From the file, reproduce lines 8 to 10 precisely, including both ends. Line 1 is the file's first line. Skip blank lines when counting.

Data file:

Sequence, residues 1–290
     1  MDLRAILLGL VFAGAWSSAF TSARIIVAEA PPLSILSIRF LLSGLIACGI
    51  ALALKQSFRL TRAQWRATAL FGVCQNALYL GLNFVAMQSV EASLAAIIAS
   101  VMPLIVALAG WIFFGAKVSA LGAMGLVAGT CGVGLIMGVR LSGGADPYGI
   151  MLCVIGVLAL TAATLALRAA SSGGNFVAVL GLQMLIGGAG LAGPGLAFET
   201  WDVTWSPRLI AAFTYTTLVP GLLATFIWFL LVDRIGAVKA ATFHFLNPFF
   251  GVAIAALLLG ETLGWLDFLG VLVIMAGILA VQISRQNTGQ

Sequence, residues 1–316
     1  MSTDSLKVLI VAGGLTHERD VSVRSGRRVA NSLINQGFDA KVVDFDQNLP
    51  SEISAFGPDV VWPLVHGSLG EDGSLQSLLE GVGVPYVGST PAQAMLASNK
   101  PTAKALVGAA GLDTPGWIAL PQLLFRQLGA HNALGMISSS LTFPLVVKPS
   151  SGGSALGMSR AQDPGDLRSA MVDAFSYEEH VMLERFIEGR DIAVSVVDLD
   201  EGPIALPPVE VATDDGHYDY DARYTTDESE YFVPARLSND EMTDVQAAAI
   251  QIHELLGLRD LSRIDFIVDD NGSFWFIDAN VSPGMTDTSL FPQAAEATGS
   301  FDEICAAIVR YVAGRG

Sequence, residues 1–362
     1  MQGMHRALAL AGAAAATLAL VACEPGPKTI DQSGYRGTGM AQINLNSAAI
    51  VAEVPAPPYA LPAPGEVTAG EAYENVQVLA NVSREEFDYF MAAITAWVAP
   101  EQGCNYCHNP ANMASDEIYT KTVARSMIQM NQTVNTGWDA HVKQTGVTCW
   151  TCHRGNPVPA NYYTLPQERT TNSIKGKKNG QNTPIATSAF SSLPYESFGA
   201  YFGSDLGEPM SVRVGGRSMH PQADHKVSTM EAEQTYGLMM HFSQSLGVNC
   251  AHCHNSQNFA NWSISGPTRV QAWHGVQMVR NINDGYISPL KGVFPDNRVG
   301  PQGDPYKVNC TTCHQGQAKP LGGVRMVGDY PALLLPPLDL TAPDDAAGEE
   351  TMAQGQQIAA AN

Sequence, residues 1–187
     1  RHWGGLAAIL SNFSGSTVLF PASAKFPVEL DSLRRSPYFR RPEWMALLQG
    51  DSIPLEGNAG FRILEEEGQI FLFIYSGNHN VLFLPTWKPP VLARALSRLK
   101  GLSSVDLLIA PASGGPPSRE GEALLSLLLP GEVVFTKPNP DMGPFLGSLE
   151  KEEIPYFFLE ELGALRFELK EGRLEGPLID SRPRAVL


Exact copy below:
Sequence, residues 1–316
     1  MSTDSLKVLI VAGGLTHERD VSVRSGRRVA NSLINQGFDA KVVDFDQNLP
    51  SEISAFGPDV VWPLVHGSLG EDGSLQSLLE GVGVPYVGST PAQAMLASNK